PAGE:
Best practices for preventing childhood obesity Best practices for preventing childhood obesity

Best practices for preventing childhood obesity

Little giants 25 June, 2017 Isabel Vallejo


The number of obese people in the world throughout the last 35 years has more than doubled, and this rise in obesity is greatest among children.

This was one of the discoveries of a comprehensive study published in the U.S. medical journal, the New England Journal of Medicine, which focuses on how obesity is related to deaths caused by heart disease and stroke, among other diseases.

“People who shrug off weight gain do so at their own risk — risk of cardiovascular disease, diabetes, cancer, and other life-threatening conditions,” said Dr. Christopher Murray, the Director of the Institute for Health Metrics and Evaluation (IHME) at the University of Washington in Seattle (Northwest), one of the study’s co-authors.

Getting exercise and maintaining a healthy diet are key factors for preventing or fighting off being overweight. Beyond these factors, however, being more aware of the consequences of this condition on people’s health is what is most significant. The family environment should be the main environment for encouraging a healthy weight, as eating habits that can increase someone’s risks for obesity are established during childhood and adolescence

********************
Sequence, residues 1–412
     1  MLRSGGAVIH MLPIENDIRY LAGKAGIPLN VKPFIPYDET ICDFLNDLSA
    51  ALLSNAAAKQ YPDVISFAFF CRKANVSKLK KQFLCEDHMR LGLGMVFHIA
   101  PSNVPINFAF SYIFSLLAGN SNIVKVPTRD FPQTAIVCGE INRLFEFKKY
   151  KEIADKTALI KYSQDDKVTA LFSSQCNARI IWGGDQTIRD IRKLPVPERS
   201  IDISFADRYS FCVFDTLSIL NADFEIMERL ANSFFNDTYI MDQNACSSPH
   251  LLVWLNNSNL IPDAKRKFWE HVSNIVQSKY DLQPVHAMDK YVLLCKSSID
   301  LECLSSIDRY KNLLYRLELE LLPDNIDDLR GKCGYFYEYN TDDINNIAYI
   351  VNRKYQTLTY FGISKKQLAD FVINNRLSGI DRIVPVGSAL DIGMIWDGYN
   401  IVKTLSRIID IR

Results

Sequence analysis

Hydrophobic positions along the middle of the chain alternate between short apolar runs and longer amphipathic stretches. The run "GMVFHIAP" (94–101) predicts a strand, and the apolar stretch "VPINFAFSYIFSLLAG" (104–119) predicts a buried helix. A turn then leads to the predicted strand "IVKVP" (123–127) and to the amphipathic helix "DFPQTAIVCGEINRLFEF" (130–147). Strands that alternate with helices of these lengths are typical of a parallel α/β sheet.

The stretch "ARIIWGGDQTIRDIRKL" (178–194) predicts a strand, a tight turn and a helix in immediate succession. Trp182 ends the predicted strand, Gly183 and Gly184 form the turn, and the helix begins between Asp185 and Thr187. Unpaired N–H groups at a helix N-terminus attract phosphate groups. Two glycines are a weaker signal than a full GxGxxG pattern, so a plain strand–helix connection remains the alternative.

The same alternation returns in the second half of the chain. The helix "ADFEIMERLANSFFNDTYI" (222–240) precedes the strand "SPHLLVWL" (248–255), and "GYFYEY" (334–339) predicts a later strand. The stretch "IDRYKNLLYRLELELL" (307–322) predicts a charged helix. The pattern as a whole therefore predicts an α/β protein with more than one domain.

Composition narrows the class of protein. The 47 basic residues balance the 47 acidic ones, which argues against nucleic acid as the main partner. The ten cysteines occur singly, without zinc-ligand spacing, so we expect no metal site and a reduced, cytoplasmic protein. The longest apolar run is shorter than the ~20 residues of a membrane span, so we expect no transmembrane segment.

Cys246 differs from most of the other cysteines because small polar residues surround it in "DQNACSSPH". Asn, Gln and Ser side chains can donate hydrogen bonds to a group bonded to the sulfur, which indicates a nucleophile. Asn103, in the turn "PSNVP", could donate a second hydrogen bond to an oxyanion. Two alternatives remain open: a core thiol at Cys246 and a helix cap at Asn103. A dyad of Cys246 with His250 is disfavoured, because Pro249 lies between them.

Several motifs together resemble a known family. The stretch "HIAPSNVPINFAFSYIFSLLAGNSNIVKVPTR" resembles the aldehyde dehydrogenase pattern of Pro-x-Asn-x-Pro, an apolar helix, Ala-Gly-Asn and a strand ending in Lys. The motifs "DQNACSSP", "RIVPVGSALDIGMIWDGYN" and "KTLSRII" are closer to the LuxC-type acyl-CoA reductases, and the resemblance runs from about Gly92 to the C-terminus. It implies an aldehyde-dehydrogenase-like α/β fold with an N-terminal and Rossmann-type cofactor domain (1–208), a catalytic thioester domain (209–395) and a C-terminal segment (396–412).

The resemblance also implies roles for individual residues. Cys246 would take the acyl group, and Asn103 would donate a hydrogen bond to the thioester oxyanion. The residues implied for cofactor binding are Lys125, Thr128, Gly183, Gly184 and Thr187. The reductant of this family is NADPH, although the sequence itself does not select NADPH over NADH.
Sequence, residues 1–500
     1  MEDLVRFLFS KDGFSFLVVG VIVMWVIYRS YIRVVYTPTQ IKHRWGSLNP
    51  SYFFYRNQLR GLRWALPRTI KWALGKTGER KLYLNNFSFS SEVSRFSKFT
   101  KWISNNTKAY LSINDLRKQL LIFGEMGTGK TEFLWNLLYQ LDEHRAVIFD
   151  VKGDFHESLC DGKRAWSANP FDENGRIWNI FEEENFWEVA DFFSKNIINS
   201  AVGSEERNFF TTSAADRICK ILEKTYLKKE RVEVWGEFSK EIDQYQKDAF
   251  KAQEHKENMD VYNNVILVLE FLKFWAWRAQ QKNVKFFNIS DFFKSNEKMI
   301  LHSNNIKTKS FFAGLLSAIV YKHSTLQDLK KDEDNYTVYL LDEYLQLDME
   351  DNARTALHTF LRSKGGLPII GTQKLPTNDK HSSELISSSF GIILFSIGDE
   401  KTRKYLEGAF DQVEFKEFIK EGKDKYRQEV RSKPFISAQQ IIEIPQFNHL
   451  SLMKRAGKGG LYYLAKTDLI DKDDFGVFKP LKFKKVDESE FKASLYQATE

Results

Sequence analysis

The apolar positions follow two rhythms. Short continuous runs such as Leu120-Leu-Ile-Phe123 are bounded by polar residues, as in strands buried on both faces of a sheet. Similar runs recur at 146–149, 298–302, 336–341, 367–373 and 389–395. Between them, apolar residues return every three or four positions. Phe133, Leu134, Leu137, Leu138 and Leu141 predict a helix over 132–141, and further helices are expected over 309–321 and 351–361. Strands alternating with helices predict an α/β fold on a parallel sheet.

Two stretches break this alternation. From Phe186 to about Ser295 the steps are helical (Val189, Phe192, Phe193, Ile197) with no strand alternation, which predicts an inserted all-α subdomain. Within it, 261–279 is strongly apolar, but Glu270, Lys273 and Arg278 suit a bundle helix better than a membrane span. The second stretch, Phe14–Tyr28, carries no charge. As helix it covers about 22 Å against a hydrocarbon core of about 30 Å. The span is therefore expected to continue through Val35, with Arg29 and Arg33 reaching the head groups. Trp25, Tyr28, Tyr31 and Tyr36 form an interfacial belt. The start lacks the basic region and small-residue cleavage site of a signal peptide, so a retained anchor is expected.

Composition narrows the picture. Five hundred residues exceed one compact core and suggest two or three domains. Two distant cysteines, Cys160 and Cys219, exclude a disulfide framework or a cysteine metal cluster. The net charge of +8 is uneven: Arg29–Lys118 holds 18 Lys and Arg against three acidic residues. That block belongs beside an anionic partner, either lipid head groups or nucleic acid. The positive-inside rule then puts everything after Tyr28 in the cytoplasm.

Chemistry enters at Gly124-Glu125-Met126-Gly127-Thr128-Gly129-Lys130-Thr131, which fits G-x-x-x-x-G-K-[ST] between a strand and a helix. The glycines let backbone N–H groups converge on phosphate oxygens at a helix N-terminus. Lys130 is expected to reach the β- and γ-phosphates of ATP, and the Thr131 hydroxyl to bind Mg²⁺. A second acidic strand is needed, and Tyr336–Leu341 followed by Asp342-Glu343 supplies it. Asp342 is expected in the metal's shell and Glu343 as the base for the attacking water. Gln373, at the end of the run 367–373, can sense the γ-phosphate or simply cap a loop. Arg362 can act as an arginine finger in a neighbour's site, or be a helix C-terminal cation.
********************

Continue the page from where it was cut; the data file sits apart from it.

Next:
According to the Colombian Association of Endocrinology, children who are overweight are more likely to suffer from diabetes and heart disease at an earlier age, which is also related to the increase in the chances of premature death. (Related article: Focus on obesity).

A healthy diet is not an extreme one. The key is to teach children to eat fruits and vegetables and provide them with more natural meals that allow them to avoid from processed foods and prioritize those that are high in fiber and protein.

In 2015, 107.7 million children and 603.7 million adults suffered from obesity throughout the world.